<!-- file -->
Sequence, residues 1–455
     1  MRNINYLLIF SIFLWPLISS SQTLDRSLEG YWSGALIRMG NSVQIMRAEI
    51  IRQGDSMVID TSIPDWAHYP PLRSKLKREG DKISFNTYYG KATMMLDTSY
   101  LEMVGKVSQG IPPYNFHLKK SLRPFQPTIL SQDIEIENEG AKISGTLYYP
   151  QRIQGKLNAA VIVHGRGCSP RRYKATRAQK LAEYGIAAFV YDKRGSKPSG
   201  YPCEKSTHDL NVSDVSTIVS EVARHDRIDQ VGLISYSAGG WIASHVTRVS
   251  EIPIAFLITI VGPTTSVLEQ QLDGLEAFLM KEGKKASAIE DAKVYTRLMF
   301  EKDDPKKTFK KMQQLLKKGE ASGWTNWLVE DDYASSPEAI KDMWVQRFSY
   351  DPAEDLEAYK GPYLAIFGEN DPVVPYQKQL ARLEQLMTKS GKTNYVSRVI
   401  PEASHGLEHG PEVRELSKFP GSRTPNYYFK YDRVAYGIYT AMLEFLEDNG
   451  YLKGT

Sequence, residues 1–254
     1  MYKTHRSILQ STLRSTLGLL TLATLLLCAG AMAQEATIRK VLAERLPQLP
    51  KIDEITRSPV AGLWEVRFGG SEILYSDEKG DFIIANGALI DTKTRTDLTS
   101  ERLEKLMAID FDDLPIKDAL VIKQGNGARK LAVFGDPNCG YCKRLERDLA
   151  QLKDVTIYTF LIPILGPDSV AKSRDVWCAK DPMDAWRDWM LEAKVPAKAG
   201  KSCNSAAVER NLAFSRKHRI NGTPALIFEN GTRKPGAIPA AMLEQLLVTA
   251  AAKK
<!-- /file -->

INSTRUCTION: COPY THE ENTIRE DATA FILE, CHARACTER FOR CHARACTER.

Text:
Sequence, residues 1–455
     1  MRNINYLLIF SIFLWPLISS SQTLDRSLEG YWSGALIRMG NSVQIMRAEI
    51  IRQGDSMVID TSIPDWAHYP PLRSKLKREG DKISFNTYYG KATMMLDTSY
   101  LEMVGKVSQG IPPYNFHLKK SLRPFQPTIL SQDIEIENEG AKISGTLYYP
   151  QRIQGKLNAA VIVHGRGCSP RRYKATRAQK LAEYGIAAFV YDKRGSKPSG
   201  YPCEKSTHDL NVSDVSTIVS EVARHDRIDQ VGLISYSAGG WIASHVTRVS
   251  EIPIAFLITI VGPTTSVLEQ QLDGLEAFLM KEGKKASAIE DAKVYTRLMF
   301  EKDDPKKTFK KMQQLLKKGE ASGWTNWLVE DDYASSPEAI KDMWVQRFSY
   351  DPAEDLEAYK GPYLAIFGEN DPVVPYQKQL ARLEQLMTKS GKTNYVSRVI
   401  PEASHGLEHG PEVRELSKFP GSRTPNYYFK YDRVAYGIYT AMLEFLEDNG
   451  YLKGT

Sequence, residues 1–254
     1  MYKTHRSILQ STLRSTLGLL TLATLLLCAG AMAQEATIRK VLAERLPQLP
    51  KIDEITRSPV AGLWEVRFGG SEILYSDEKG DFIIANGALI DTKTRTDLTS
   101  ERLEKLMAID FDDLPIKDAL VIKQGNGARK LAVFGDPNCG YCKRLERDLA
   151  QLKDVTIYTF LIPILGPDSV AKSRDVWCAK DPMDAWRDWM LEAKVPAKAG
   201  KSCNSAAVER NLAFSRKHRI NGTPALIFEN GTRKPGAIPA AMLEQLLVTA
   251  AAKK